Ketamine for Sedation: Risks, Applications, & How it Works

Ketamine’s sedative effects are sought after by recreational users and medical professionals.

By Patrick McConnell Last Updated: February 13, 2024
Last Updated: February 13, 2024

Ketamine has long been used both in medicine and recreationally for its sedative effects. It was developed as an anesthetic, so ketamine is used for a variety of medical procedures.

Ketamine causes almost total amnesia while also being a potent painkiller. Combined with its strong safety profile, minor effects on breathing, and ability to increase blood pressure and heart rate, ketamine is an ideal anesthetic for short procedures that may be painful or uncomfortable. 

Ketamine Sedation Mechanism of Action

Ketamine has a long list of interactions and potential mechanisms of action in the body. The sedative effects are rapid, occurring in seconds after injection. 

The sedative effects are, at least in part, through interaction with NMDA (N-methyl-D-asparate) receptors in the brain [1]. When ketamine (and its metabolites) bind to NMDA receptors, a neurotransmitter called glutamate cannot bind to the receptors. 

One (of many) results is a change in the balance between glutamate, an excitatory neurotransmitter, and GABA, a neurotransmitter known as “the breaks” of the brain, which exerts a calming and sedative effect [2]. 

The above explanation is pretty simplified, though. More sedative effects may come from ketamine blocking sodium [3] and potassium channels [4], which, when blocked, slow electrical activity and excitability in the brain and induce anesthesia at high doses. Ketamine also interacts with muscarinic [5] and nicotinic [6] receptors, in turn affecting memory, heart rate, and blood pressure.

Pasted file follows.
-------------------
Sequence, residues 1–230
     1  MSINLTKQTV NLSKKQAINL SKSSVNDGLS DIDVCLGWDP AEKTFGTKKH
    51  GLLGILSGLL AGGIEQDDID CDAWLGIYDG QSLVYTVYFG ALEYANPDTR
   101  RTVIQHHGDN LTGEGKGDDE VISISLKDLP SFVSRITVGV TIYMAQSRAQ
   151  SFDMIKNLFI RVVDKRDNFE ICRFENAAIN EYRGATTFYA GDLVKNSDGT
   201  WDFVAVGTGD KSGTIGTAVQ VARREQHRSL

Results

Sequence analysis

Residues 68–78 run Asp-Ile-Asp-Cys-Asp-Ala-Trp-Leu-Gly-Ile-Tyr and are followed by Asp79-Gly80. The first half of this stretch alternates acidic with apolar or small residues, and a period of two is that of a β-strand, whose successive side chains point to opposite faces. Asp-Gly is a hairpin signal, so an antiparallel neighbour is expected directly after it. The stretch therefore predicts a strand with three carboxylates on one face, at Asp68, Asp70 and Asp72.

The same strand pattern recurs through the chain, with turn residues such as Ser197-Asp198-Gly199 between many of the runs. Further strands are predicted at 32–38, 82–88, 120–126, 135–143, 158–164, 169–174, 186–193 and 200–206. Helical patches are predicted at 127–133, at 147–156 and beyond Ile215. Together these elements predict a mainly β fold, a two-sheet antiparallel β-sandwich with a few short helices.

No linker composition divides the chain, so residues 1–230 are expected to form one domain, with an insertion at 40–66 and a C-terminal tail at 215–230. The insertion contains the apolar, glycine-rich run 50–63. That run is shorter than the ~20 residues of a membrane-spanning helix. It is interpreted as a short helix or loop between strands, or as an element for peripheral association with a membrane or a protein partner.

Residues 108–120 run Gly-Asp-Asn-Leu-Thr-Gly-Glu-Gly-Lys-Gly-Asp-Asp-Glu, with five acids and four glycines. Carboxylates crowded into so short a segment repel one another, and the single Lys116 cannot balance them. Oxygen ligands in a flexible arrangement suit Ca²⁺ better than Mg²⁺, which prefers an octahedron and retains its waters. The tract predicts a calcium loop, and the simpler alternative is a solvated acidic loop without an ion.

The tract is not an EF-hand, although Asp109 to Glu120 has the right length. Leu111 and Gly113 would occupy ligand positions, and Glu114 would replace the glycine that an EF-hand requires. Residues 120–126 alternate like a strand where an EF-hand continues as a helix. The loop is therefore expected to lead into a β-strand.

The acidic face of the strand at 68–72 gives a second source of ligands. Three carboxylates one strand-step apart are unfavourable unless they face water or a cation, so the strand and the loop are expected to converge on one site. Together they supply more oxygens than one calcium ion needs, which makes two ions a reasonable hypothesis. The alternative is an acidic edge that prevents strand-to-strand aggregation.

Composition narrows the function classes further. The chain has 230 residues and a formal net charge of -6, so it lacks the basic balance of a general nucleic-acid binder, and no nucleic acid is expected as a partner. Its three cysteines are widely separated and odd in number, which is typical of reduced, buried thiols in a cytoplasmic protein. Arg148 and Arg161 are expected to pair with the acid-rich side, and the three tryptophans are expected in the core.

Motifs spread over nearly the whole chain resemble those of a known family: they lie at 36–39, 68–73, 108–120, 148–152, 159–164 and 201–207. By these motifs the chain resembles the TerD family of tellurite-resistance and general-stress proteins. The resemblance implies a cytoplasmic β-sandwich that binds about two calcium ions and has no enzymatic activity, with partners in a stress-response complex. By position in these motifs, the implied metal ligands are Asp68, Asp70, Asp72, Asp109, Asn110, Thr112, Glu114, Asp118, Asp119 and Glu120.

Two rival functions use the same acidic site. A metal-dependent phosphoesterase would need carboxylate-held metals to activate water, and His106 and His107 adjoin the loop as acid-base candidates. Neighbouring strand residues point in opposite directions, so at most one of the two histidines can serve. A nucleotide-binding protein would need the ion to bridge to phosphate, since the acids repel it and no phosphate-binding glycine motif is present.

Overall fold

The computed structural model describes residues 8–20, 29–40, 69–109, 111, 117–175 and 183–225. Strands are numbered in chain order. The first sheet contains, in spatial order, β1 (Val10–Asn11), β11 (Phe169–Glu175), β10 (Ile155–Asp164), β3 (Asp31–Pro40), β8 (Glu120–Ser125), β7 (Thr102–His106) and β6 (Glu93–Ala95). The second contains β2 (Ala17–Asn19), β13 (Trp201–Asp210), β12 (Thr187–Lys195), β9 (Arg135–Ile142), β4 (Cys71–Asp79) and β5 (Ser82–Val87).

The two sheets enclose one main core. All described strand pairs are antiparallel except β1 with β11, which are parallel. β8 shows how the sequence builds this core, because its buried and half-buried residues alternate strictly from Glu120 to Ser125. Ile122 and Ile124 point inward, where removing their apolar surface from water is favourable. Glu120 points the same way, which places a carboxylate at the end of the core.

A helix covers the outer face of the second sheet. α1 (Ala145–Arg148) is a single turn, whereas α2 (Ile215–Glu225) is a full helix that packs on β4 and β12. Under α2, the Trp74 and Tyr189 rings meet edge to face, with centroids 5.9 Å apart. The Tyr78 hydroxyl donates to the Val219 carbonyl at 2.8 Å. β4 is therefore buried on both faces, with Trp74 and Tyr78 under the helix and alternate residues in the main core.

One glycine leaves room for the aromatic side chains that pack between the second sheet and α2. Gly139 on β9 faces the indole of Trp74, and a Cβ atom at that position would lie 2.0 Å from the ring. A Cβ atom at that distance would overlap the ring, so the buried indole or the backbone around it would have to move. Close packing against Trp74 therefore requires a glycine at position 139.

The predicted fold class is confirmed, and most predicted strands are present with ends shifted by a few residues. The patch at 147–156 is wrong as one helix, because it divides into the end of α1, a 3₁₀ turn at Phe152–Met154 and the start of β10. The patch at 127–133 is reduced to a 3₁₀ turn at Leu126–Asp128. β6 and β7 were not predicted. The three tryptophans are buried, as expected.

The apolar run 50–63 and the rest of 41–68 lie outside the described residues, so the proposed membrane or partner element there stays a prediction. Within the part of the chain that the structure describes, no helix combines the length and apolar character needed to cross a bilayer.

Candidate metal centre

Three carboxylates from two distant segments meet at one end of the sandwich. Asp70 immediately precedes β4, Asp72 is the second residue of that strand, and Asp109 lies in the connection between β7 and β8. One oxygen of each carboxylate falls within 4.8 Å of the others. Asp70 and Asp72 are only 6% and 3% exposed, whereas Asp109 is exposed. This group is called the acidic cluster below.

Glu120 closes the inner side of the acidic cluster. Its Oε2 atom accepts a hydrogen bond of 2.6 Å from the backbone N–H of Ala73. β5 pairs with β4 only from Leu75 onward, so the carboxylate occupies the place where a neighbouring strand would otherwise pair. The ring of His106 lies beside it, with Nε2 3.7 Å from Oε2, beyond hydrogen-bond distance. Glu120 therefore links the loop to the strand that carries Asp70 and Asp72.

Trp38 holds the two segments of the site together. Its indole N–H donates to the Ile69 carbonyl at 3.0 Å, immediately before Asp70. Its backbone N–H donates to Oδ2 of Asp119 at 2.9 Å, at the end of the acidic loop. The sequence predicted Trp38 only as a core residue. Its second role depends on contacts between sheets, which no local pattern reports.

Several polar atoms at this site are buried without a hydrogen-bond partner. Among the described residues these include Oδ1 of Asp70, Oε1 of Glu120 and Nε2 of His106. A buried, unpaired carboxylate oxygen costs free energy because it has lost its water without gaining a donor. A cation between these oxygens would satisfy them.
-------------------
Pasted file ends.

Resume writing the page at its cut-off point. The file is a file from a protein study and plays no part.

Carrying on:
Ketamine Conscious Sedation Dose

The dose for ketamine sedation varies across individuals and methods of administration. Typically, ketamine is administered according to body weight, in milligrams per kilogram. In the case of very obese people, the dose may be calculated based on “ideal weight.” 

Intravenous or IV ketamine is the most bioavailable and effective method. Typically, a trained nurse or anesthesiologist will calculate the appropriate dose and administer the drug at the correct rate. 

A “loading dose” or initial dose will often be given, followed by more doses or a drip to sustain effects. 

One study puts loading anesthetic doses at [7]

  • Intravenous — 0.03 – 0.24 mg/kg
  • Intramuscular — 3-4 mg/kg

There may be variations in the amounts above, depending on the level of sedation needed.

Infusions include a time element because, if given too quickly, ketamine can cause dangerous side effects, like apnea or cardiac issues.

Other methods of consumption include nasal spray and oral ketamine, which are used for sedation in children and sometimes adults. 

Ketamine Sedation & Benzodiazepenes

Ketamine has long been known for its “emergence phenomenon,” also known as psychoactive effects. These shifts in mood and perception are attractive if you’re using it as a recreational drug, but in a medical setting, putting people in an altered state can cause problems.

Ketamine is frequently administered alongside benzodiazepines like diazepam and midazolam to help reduce adverse effects. Other anesthetics, like propofol, have been used alongside ketamine, along with painkillers like fentanyl.

A medical professional determines safe levels for these combinations and typically administers them with an IV.

Ketamine Sedation Contraindications

Medical professionals will determine if ketamine sedation is safe.